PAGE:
George's mind had an anchor too, somewhere behind his eyes. It made little matter how the conspirators tormented him or how the dogs would sneak up and bark the bee jeebies out of him, his immutable anxiety always remained rooted there, anchored in the back of his skull. Even in the times of calm when he could scorn the invasive forces with succulent tribulations from the safety of his throne, he would watch the visions circle around inside his head, always from east to west.

There had been a time long ago when as a young lad George had felt a kinship with his mates, as if they were all on the lake each sailing their little craft, watching out for one another in the stormy world of adult rationality. They would throw their anchors out together in the shelter of a little bay, away from the winds of discipline and float freely together entertaining the warming sun. But life turned from east to west also, and as the sun got higher on his days his mates had become conspirators, many had dogs, and they had turned their quest to power and prestige, their dogs remorseless in these undertakings. And so George had departed the world of commerce to establish his own private castle, nondescript as it was, with his throne facing west so he could see what lay in store. Not that it worked.

There was a time when he had wandered off and lost himself for several years, ending up with a hornswoggle carved from a stump. He had even found a mate and made an attempt at commerce, carving little hornswoggles for sale on that avenue which cut north and south, a latitude in the longitude of life. He still had his hornswoggle, seated in the midst of his castle, his cat was old and rather hairless, and his mate had abdicated her throne for some fool with a dog, a dog who had lifted his leg on his hornswoggle. He had retreated from the thrills of commerce back to vantages of misanthropy, them and their dogs.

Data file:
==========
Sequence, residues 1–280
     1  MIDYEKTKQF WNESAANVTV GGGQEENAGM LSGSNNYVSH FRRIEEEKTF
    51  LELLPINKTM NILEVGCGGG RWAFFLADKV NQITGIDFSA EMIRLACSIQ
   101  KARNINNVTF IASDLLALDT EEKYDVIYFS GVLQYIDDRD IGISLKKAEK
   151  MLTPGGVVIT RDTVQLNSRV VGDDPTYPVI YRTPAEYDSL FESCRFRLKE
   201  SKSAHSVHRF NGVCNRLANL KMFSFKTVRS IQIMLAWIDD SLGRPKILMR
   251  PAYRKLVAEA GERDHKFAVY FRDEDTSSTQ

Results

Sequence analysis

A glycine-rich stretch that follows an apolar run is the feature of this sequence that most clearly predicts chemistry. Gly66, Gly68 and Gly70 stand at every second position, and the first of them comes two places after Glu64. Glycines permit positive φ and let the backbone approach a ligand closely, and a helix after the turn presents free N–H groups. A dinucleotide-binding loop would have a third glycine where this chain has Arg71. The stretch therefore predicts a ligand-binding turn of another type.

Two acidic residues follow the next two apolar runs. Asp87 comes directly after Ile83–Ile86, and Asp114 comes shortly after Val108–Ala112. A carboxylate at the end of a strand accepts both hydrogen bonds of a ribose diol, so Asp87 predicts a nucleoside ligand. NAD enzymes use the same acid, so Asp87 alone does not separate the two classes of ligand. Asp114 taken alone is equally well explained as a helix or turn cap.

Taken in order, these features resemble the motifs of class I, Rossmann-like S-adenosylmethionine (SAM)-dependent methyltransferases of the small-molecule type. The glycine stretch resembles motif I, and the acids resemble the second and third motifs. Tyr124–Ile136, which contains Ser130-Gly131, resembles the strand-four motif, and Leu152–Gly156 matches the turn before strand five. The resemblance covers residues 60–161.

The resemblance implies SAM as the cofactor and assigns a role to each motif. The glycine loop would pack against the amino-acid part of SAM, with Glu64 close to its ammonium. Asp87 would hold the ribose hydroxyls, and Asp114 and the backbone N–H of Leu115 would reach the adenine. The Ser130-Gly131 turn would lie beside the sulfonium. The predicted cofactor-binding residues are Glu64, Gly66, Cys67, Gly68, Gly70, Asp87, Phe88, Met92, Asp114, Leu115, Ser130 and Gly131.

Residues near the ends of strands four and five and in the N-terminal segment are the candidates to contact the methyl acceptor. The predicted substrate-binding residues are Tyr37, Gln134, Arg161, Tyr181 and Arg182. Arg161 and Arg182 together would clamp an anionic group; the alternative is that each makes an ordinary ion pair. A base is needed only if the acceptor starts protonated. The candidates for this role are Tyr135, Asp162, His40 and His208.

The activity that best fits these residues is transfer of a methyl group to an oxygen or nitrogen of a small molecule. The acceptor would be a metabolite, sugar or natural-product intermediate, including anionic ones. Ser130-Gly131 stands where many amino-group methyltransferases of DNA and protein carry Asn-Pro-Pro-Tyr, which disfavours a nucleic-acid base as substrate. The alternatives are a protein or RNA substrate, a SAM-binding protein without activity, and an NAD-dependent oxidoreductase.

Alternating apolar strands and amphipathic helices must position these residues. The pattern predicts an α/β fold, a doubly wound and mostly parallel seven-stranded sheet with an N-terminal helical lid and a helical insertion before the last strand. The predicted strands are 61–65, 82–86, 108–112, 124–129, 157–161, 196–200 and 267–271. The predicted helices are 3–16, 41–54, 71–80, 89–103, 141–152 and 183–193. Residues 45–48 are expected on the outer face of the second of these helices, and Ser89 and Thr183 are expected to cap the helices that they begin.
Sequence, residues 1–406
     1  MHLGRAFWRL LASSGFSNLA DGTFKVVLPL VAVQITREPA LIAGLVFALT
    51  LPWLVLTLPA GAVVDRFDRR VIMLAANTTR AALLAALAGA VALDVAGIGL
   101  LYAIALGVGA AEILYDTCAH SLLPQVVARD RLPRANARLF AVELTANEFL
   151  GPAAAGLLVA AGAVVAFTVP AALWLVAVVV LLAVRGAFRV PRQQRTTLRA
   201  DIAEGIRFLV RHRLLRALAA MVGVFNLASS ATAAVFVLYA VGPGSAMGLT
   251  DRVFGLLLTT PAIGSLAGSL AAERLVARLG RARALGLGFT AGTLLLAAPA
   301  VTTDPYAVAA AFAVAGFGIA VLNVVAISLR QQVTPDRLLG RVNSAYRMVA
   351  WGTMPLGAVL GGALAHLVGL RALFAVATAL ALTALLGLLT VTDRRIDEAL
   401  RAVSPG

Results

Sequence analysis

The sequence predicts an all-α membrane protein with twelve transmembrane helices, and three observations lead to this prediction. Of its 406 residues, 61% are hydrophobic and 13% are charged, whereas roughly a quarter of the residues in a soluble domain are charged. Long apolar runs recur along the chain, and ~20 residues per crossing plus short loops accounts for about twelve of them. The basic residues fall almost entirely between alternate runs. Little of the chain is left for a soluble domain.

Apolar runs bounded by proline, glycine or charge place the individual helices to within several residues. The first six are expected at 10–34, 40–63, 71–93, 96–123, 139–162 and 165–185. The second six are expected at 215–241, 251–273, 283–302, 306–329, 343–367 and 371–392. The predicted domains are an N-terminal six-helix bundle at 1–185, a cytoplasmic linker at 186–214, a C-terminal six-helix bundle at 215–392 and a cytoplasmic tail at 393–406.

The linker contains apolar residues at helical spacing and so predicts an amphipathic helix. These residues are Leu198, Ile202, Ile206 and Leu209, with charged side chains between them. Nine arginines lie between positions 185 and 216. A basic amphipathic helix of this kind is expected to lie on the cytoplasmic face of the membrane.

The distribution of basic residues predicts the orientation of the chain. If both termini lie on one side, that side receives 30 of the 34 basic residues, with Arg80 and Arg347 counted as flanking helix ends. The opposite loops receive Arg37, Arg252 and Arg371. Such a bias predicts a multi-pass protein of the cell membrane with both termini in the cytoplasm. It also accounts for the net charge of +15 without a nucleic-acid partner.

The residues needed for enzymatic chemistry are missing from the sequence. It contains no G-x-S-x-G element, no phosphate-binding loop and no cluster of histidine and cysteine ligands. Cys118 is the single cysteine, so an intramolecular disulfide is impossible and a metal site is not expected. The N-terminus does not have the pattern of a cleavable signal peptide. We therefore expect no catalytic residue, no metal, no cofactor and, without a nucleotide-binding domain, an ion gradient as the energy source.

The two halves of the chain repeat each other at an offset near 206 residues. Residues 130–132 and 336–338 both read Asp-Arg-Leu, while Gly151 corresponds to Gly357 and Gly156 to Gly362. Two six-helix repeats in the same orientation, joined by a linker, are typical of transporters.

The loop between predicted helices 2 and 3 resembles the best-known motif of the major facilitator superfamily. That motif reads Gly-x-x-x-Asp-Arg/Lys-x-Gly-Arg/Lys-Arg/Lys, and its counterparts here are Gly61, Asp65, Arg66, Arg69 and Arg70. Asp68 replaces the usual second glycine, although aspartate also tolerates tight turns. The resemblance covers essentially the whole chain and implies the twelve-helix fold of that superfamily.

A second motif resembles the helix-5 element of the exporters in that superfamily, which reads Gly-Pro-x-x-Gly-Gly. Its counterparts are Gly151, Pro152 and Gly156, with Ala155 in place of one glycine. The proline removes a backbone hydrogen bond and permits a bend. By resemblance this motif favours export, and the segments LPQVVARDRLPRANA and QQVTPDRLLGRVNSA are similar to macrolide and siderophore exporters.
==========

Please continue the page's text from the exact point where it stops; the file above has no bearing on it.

George had thought long and hard on egalitarianism which evolution had endowed upon humans. It was doubtfully doubt which gave us the capacity to respect the views of others, a doubt in our own beliefs, so he remained a little apprehensive of the moon rising in the east and setting in the west just so he would not be too prejudiced. That way he could smile and say hello to everyone he met when he was out and about, even their dogs, though the response was seldom reciprocated. This even-handed approach to life was far from the dominant quality in most humans and their institutions he found. Dominance and conspiracy seemed to play a crucial role in humanity's day to day functioning, policing and punishment typically administered by the most dominant individuals. Somehow the humour of most situations was lost upon these stewards of the establishment and their dogs. It was good to have an anchor to hold onto, even though he must view it with a degree of incertitude.

So George continued with his life, attempting to thwart the conspirators with dispassion on his nightly missions, and took to carrying a bag of dog biscuits to tempt impartiality in their dogs. Sometimes it worked, and he could peacefully watch the cosmos circle above him, from east to west.